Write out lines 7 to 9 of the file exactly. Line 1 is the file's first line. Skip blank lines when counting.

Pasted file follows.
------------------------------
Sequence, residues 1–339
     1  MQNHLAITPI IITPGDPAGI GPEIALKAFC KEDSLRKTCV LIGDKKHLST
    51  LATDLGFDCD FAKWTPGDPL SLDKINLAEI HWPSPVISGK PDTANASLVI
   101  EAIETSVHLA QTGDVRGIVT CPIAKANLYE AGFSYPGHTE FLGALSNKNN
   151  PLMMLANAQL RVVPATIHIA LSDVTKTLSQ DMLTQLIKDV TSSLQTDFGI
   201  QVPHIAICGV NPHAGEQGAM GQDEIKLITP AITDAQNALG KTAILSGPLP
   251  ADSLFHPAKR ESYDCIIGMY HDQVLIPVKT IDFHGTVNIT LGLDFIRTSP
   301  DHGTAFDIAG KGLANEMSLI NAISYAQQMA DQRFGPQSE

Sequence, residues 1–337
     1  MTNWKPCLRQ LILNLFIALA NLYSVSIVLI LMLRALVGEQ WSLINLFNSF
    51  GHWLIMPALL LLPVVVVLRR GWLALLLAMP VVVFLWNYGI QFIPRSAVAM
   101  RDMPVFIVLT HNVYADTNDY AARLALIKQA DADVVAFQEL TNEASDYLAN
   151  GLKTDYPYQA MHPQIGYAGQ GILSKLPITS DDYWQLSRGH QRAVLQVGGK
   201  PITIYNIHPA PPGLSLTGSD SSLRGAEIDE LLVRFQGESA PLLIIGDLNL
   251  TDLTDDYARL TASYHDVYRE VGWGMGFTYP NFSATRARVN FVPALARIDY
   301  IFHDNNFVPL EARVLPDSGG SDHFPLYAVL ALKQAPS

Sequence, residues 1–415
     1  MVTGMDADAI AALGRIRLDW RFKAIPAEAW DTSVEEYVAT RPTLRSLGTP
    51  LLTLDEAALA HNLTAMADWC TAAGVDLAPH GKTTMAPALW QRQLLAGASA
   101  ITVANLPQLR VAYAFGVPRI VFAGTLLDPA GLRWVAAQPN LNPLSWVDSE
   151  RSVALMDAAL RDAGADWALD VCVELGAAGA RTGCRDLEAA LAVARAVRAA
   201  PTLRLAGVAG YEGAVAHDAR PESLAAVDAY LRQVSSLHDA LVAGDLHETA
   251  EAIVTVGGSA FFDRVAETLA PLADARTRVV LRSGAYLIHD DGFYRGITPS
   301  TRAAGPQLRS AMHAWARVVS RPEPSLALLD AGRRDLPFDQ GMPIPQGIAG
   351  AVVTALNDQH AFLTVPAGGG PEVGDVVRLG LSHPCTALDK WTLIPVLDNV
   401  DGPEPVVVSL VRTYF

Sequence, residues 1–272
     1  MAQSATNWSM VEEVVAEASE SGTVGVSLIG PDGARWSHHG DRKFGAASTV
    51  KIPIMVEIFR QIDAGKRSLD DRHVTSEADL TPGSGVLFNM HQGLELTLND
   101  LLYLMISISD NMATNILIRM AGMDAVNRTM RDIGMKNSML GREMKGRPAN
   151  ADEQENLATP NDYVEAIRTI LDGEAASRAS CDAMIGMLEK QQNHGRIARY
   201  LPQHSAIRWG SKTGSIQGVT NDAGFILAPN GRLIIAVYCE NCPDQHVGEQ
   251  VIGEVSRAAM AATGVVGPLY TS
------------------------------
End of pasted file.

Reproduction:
   251  ADSLFHPAKR ESYDCIIGMY HDQVLIPVKT IDFHGTVNIT LGLDFIRTSP
   301  DHGTAFDIAG KGLANEMSLI NAISYAQQMA DQRFGPQSE

Sequence, residues 1–337